Thursday, October 18, 2012

What is needed?



As part of my own Year of Faith efforts, to boost my faith as much anyone else's, I have decided to go down to our soup run a bit more often this year.
We had about forty there there the other night, practically all men. We try not to be like Evangelical Christians and although the food is made with a great deal of prayer and devotion, we don't attach any "devotional element" to giving out food. We work on to simple premise: Christ tells us to feed the hungry, we feed. It is simple obedience to Jesus' words. Many of those who come do not know who we are or why my parishioners do it.
When I am there many of the men k/now me from the Church door, or having come to my house, so it is quite easy to talk a bit about God to individuals, but more especially because living on the streets brings them into direct contact with Divine Providence. They want to talk for many prayer is pretty constant, even if it is: God keep me from being knifed tonight or don't let me be lonely or don't let starve or freeze to death. Their own hunger witnesses to all kinds of other hungers: for God ultimately, but also for affection, kindness, for a warm dry place to spend the night and for drink and drugs and for sex too.

From time to time someone wants to be baptised. There is no way most could come along to an RCIA course or even for regular instruction, even the retention of much catechesis is rather difficult. For many it would be possible to communicate the doctrine of the Trinity pretty easily in terms of relationship because that is what they are really hungering for; ultimately to know God as loving Father. Forgiveness too they understand, being "sorry" is very much part of their lives, as is forgiving those who abuse, and dehumanise them. "Sin" is a bit difficult, extremes of poverty, like extremes of wealth give its own gloss to understanding Jesus' teaching and brings with it its own invincible ignorance.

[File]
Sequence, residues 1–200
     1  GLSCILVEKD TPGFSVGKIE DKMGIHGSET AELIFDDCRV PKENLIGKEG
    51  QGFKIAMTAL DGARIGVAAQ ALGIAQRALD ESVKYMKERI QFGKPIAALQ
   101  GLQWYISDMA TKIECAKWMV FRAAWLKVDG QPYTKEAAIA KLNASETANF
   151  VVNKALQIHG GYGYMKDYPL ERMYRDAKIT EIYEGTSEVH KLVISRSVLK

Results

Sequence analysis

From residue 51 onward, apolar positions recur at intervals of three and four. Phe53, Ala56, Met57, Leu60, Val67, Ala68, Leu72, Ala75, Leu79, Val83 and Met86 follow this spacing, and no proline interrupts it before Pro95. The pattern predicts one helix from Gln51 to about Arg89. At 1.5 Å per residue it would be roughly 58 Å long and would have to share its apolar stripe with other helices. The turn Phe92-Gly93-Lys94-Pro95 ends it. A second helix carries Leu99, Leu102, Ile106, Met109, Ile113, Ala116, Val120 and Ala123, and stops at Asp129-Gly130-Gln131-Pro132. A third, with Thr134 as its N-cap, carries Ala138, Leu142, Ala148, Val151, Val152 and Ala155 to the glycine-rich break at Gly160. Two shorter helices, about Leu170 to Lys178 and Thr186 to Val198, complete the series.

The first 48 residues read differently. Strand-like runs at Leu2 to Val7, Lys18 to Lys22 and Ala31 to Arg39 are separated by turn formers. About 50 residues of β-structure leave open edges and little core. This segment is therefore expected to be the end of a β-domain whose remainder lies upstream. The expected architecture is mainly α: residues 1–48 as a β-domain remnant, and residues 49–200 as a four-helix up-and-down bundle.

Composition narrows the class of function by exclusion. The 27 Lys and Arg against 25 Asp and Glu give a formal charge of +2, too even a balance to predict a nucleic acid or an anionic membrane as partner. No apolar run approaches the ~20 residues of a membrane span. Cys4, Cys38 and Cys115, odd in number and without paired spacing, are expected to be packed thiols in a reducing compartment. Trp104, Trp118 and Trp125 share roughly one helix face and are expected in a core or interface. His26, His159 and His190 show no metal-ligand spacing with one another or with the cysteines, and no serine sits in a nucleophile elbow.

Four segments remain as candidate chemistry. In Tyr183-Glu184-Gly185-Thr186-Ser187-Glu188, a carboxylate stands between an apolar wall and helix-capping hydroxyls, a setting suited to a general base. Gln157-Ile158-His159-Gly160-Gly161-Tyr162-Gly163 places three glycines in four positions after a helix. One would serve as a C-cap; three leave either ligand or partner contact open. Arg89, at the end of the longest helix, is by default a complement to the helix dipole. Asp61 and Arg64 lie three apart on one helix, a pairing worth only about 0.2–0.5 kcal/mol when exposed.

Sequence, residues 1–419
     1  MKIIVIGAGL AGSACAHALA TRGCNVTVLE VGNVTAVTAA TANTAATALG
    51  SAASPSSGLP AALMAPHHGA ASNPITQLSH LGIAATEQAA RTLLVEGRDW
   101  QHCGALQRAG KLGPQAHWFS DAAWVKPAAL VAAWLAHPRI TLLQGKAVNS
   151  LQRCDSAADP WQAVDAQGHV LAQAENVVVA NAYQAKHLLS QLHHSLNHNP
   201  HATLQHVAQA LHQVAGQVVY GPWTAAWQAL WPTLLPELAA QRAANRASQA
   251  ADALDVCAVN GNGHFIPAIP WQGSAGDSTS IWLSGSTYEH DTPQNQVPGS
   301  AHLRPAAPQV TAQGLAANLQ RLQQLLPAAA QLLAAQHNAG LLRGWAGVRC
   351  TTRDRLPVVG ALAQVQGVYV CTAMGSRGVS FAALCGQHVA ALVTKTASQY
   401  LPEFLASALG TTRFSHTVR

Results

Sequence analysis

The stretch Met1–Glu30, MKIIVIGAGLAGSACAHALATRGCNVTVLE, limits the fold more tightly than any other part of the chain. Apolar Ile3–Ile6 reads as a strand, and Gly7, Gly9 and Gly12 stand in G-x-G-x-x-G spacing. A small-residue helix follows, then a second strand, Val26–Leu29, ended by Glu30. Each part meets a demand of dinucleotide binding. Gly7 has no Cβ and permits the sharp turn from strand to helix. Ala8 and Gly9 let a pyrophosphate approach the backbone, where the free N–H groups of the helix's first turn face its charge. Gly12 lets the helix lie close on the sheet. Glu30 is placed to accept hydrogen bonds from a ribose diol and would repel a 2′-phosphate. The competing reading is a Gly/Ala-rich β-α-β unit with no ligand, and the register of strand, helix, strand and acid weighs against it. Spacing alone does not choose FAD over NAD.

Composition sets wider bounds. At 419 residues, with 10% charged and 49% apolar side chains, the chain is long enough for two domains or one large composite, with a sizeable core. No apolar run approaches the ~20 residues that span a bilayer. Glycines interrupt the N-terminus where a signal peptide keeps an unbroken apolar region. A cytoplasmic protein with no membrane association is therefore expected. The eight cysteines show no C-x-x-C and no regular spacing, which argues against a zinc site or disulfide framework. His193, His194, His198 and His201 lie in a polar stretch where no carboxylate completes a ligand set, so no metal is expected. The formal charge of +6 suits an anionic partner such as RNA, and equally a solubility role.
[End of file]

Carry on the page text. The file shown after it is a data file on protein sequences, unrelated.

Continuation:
The big problem is practice, and having regularity in lives that are often disordered by low level crime, psychiatric illness and social problems which are rooted, often, in dysfunctional childhoods. As far as desire for union with God in is concerned it is there but my difficulty is their ability to fit into the Church and its sacramental structures.

What does the Church do for the man who kneels and prays in the gutter, who wants what the sacraments can give but are always going to be out of step with the Church?
It is that old Catholic thing of what is the minimum of Christian practice, knowledge and behaviour necessary to receive be part of the Church's sacramental life. In many RCIA groups it is often just a matter of turning-up for the course, and being able to fill-in the forms, rather than anyone making a judgement about the particular candidate having a deep desire for Christ..



12 comments: